Saraswathi Vilasam Palace, Thiruvananthapuram built by Kerala Verma is a fine heritage place!

 Very close to the richest temple in the world Sree Padmanaba Sway temple (the lord is the tutelary deity of the ruling Travancore royal family), there are many wonderful palaces and mansions  in the fort area of Thiruvnanthapuram. The state government  with a view to showcasing cultural richness and   native architectural grandeur of  the erstwhile Travancore kingdom  during their heyday is seriously developing the fort area as a memorable tourist destination. By embarking on a prestigious  and useful  tourism promotion program called  Travancore Heritage Tourism Project (THTP), the Kerala  government has set an example  to other Indian  states where lots of monuments remain uncared for.   The purpose of this project is to   revitalize and rejuvenate palaces, mansions and temples in the fort area  and at the same time to preserve them for posterity.. A sum of Rs 100 crore is allotted  for  conservation of old structures that will bring back the old glory and new charm to this cultural city. Besides covering as many as 19 building complexes, the project also includes old forts, etc.  Krishnavilasam Palace, built in 1885,  Sree Padam Kottaram (1880) situated toward the north of the temple,  Sundaravilasam palace,  Saraswathi vilasam Palace (19th century),  Thevarathu Koikkal and Valiya Koikkal palaces (17th century) are  some of  the palaces worthy of mention. Though simplicity personified, their regal splendor and majesty will daze the visitors and take them back on  a nostalgic trip to past era of power and  and cultural ethos.  

Saraswathy vilasam palace, Fort, TV Puram, Kerala.

Saraswathy (also spelled Saraswati)  Vilasam  palace built  in the 19th century in the Fort area  was once the residence of  Kerala Kalidasan, Kerala Varma Valiya Koil Thampuran (1845-1914).  This amazing  palace is designed in colonial architectural style  with intricately carved gable in the front,  arched gate, cylindrical pillars, long verandah  and high ceiling  to cut down  radiation from outside and to keep interiors cool,

Saraswathy Vilsam palace, Fort, Thiruvananthapuram.

Historians are of the view that the  design of  Saraswathy Vilasam is more toward  European style than  native architecture that is commonly in tune with the terrain of Kerala's  ghat area.  It shows builders taste in  European style of living. This two-story mansion has  large  stained  glass windows of various hues and large doors. This kind of design actually accentuates the living space as a spacious one  and  imparts a positive  mood of the residents. The provision of louvered doors for the windows and doors is yet another novel  way to get the air circulation going in the interior part, as this  place is a tropical one with high humidity.  With shutters on the doors, one can control the sun light falling on the windows.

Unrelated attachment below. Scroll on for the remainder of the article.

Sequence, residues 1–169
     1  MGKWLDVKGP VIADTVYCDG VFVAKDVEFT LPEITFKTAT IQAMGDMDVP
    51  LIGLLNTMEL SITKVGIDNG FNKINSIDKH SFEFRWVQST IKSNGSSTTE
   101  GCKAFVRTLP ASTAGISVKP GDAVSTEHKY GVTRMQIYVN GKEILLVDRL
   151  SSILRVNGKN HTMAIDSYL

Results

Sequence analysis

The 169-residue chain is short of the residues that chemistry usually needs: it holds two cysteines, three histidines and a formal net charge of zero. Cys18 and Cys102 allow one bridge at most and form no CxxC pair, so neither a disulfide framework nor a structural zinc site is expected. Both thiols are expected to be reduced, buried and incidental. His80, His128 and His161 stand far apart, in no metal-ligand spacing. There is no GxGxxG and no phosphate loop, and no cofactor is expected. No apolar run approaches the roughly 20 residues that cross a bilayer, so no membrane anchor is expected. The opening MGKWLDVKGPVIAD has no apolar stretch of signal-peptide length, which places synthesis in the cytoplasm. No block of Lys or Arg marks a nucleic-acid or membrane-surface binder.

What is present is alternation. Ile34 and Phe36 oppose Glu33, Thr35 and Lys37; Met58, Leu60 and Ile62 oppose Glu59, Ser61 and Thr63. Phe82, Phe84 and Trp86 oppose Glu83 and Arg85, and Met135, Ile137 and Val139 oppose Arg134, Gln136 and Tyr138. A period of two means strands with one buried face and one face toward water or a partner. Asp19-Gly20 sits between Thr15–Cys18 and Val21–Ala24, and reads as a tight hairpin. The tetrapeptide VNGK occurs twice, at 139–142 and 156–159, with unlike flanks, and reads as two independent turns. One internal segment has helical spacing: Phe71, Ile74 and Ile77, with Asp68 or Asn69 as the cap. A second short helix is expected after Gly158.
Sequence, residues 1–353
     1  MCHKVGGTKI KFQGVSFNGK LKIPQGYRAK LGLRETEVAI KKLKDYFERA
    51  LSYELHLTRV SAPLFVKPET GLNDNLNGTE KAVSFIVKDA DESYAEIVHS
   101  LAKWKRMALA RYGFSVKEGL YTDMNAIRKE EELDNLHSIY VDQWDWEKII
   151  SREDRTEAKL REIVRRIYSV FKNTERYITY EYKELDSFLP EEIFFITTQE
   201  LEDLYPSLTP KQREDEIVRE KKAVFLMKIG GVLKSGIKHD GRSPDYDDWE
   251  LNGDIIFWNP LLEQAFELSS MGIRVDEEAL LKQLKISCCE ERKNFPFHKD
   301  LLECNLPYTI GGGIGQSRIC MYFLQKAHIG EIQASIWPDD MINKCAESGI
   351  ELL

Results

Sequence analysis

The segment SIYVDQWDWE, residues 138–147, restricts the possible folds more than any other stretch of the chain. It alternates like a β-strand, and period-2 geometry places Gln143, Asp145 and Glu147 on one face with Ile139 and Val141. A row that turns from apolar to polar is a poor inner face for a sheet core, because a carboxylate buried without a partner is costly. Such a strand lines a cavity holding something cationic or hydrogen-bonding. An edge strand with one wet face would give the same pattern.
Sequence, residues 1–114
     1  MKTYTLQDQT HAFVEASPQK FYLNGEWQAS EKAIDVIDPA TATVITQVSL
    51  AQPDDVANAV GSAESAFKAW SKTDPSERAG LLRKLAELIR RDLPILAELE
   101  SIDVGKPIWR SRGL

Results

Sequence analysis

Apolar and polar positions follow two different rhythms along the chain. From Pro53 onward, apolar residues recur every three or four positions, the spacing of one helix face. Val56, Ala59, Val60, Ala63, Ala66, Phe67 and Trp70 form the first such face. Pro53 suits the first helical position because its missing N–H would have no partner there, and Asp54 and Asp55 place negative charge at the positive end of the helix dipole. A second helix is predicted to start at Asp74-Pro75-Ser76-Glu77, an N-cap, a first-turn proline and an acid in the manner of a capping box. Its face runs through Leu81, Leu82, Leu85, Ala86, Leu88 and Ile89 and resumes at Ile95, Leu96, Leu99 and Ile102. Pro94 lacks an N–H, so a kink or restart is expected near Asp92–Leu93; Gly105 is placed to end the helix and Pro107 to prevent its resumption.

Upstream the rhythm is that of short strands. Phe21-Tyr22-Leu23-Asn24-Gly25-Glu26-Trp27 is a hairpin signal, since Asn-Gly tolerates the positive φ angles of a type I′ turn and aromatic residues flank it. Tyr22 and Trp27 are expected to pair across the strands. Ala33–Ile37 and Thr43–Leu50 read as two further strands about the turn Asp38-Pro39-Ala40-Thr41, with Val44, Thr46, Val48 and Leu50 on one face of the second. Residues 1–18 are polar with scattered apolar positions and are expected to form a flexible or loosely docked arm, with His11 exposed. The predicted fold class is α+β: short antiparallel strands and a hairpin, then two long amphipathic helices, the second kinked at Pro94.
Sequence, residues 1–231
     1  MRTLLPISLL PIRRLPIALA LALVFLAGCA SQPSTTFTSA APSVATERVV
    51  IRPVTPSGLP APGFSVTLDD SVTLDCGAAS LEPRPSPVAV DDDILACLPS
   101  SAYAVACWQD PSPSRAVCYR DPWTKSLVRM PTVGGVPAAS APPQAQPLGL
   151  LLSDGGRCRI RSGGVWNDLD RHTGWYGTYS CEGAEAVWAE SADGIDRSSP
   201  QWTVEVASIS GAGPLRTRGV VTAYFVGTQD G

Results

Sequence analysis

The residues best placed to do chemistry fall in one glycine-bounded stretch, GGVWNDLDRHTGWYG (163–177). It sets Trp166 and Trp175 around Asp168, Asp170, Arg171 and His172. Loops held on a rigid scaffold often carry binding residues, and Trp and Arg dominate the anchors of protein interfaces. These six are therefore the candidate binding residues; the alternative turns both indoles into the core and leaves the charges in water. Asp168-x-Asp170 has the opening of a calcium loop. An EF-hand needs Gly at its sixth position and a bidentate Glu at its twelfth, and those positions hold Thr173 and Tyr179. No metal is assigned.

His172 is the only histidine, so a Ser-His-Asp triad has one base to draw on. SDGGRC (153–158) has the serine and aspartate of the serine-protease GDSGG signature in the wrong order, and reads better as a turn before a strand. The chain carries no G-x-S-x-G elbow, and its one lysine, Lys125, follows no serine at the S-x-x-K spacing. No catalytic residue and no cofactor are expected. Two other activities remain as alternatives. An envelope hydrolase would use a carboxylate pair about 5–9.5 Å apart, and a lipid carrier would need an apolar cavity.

oval library room Saraswahy Vilasam palace,

Kerala Varma Valiya Koil Thampuran haripadin.

Above image: Valiya Koil Thampuran (19 February  1845 – 22 September 1914)  fondly known as  Kerala Varma  or Kalidasa of Kerala was a Malayalam – language poet   and translator in English and Sanskrit. Hailing from the  royal family of erstwhile Parappanad,   Malabar,  he was born in Changanacherry   at the Laxmipuram Palace.   His mother was   Pooram Nal Devi Amba Thampuratti while his father was Cheriyoor Mullapally Narayanan Namboothiri of  Perinchelloor Gramam (Taliparamba) in Kannur District.  When Tipu Sultan of Mysore invaded Kerala  toward the end of the 18th century  his  family had fled Malabar and sought refuge in Travancore to avoid death or persecution.  His literary works  Mayoorasandesham on the line of Kalidasa’s MeghaDooth and  Visakhavijaya was written after his release by Visakham Thiruna are quite popular. In 1914, as ill-luck would have it he died in a freak car accident.....................

Kerala  Verma whose wife is  Bharani Tirunal Lakshmi Bayi, the Rani of Travancore (wedding taken place in 1859) was a man of erudition  and  being inquisitive  his pursuit of knowledge was overwhelming. For some  political reasons  and  inevitable palace intrigues the then ruler  Ayilyam Tirunal never maintained a cordial relationship  with Kerala Verma and in 1875 , the ruler armed with regal power, confined him in the palaces in Alappuzha palace and then at Ananthapuram palace  at Harippad.  Only in 1880 Kerala Verma came back to Thiruvanthapauram  after  Visakam Tirunal Rama Varma  reign  (1880-1885) had  become the Maharajah.  So the exact date of construction of this mansion is a subject of debate among researchers. The palace has a separate space for library  and study  called Moon Beam’ , an octagonal room in the back of the palace,  once used by Kerala Varma. It has  a pillared walk way to access it.   With fine stained glass windows, ornate cornice and pediments and oval opening the spacious room provided an ideal ambiance for the scholarly person to work and study. 

This historical palace was sold to 
Hindi Prachar Sabha  in 1989. Later the Anti-corruption Court functioned for 10 years - 1989-99.  Being a heritage site, it  is under the control of  the State Archaeology Department.